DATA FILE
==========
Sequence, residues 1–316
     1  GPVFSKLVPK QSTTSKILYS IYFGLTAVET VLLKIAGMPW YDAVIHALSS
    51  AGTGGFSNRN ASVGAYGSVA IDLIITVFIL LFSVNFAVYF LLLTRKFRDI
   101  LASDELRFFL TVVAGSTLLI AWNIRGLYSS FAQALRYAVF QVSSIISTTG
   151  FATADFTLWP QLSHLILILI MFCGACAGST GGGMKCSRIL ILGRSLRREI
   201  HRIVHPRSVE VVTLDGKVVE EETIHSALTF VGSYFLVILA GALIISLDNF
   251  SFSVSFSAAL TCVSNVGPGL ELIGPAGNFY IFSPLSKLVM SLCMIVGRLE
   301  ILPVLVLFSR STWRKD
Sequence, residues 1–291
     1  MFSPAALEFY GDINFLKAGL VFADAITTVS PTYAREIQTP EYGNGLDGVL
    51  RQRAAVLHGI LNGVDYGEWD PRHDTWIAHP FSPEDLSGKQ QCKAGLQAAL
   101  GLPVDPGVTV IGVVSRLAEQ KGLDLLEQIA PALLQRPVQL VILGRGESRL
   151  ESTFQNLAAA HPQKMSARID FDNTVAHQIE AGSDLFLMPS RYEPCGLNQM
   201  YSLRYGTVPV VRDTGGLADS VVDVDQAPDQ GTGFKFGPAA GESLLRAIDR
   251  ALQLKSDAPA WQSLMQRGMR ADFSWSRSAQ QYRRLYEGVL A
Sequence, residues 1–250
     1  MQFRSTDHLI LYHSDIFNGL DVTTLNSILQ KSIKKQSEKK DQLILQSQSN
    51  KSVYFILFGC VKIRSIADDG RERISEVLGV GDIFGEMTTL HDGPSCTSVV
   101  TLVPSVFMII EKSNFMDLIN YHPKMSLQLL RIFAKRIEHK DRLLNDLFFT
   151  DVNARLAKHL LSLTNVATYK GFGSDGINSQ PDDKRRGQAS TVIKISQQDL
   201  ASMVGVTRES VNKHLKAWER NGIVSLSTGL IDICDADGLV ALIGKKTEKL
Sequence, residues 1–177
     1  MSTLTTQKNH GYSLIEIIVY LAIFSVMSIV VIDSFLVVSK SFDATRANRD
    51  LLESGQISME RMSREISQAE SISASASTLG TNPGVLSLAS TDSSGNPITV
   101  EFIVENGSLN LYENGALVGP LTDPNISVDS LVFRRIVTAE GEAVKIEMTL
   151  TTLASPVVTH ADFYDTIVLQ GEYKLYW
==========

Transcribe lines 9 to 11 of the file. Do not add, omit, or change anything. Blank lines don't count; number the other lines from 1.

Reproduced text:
Sequence, residues 1–291
     1  MFSPAALEFY GDINFLKAGL VFADAITTVS PTYAREIQTP EYGNGLDGVL
    51  RQRAAVLHGI LNGVDYGEWD PRHDTWIAHP FSPEDLSGKQ QCKAGLQAAL